German discounter Lidl has introduced two cannabis products derived from local hemp flowers as an alternative to rolling tobacco.
The supermarket, known for its cheap alternatives to branded groceries, has taken advantage of a Swiss law change to sell the ‘relaxing’ tobacco alternatives.
A 1.5g box is derived from plants grown indoors, while a 3g bag is made from cannabis grown in greenhouses.
The packs are offered alongside cigarettes and cigars at the tills.
The Swiss law, which was reformed in 2011, now permits people over the age of 18 to purchase and use cannabis containing no more than 1% of tetrahydrocannabinol (THC), the plant’s principal psychoactive constituent.
Retailers have only recently started taking advantage of Switzerland’s law change, which was designed to open up availability of medicinal cannabis.
Switzerland’s customs agency, which collects taxes from cannabis product sales, saw an increase in registered retailers form a ‘handful’ in 2015, to more than 140 in the last year. Around £18m in tax was collected from sales of £73m in 2017.
Lidl has designed its products to provide a relaxing and anti-inflammatory effect, without the intoxicating effects that come with ingesting high amounts of THC.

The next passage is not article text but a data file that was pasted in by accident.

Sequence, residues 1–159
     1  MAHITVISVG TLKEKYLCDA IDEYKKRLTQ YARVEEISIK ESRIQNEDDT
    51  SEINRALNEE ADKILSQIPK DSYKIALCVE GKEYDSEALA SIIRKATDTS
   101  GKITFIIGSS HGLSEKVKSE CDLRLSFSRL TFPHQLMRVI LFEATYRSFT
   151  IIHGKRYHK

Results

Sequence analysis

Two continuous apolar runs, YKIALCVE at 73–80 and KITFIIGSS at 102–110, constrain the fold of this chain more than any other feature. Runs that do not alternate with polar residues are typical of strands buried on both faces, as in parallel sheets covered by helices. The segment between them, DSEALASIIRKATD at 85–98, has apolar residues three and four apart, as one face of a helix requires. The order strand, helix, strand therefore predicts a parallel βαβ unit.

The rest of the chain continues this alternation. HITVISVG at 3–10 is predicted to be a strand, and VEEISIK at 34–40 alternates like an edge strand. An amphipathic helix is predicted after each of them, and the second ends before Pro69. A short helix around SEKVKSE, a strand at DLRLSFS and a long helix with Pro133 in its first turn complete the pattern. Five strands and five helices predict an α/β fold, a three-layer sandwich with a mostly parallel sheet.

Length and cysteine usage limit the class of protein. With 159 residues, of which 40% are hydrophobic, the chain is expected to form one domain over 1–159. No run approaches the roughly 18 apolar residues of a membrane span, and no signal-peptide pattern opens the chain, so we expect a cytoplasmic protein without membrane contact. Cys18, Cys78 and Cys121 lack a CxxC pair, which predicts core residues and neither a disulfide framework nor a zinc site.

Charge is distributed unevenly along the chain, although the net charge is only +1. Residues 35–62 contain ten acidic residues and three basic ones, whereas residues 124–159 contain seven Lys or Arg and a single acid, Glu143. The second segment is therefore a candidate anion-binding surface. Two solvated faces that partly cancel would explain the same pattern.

The discounter said its supplier ‘The Botanicals’, which is based in north-east Switzerland, was growing the cannabis plants indoors and in semi-automated greenhouses.
Lidl said in a statement: “The manufacturer relies on sustainable agriculture and refrains entirely from adding chemical, synthetic or genetically modified substances.”
To guarantee the best possible hemp, it is obtained according to the Good Agricultural and Collection Practice guidelines of the European Medicines Agency.
Lidl cannabis products are high in cannabidiol (CBD), a non-psycoactive ingredient of the hemp plant.
Lidl said: “The legally cultivable varieties contain only very small amounts of THC and a high proportion of CBD.”
The Swill supermarket chain Coop, unrelated to the UK brand, was the first to sell cannabis cigarettes last year.
Health and addiction experts are less enthusiastic about the normalisation of a product which effects remain relatively unknown.
The charity Addiction Suisse, a foundation battling problems of addictive substances, said last year that ‘caution remains the watchword’ and pointed out that it is particularly important to avoid CBD ingestion during pregnancy as it can modify the function of the placenta.
On the other hand, the Federal Office of Public Health recognised the potentially useful therapeutic effects of the ‘drug’, including anti-oxidising, anti-inflammatory and anticonvulsive proprieties, but pointed out that ‘its medicinal effect is for now not clearly ascertained by research’.